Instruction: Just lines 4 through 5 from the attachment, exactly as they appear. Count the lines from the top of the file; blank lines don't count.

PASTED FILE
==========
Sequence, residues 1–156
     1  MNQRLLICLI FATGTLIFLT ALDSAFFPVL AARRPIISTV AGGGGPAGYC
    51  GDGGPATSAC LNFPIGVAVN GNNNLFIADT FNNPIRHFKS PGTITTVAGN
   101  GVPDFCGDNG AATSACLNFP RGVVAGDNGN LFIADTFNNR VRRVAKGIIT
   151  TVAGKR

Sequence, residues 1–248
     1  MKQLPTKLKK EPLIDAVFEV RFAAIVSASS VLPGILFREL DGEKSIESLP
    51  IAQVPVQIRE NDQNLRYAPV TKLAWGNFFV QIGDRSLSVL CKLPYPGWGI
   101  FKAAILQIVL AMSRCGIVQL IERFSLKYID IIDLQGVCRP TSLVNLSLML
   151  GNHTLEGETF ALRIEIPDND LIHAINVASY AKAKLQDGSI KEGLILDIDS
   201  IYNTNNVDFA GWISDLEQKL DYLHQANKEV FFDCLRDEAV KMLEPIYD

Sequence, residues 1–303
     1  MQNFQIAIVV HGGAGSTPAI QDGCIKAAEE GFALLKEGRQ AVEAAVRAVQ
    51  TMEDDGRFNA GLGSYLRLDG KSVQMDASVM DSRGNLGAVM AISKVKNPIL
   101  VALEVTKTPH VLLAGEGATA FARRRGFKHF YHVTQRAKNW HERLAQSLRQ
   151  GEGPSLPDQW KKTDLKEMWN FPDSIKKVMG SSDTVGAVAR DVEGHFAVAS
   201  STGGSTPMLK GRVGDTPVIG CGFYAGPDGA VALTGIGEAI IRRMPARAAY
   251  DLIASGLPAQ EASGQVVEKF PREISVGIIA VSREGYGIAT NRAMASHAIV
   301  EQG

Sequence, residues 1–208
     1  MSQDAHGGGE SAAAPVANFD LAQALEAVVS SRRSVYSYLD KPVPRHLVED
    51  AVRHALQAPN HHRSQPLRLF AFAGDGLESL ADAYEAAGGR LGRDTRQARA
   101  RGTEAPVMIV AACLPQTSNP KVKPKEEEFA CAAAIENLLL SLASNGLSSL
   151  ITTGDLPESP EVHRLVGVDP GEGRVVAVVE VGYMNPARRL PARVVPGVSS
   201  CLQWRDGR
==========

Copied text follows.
   101  GVPDFCGDNG AATSACLNFP RGVVAGDNGN LFIADTFNNR VRRVAKGIIT
   151  TVAGKR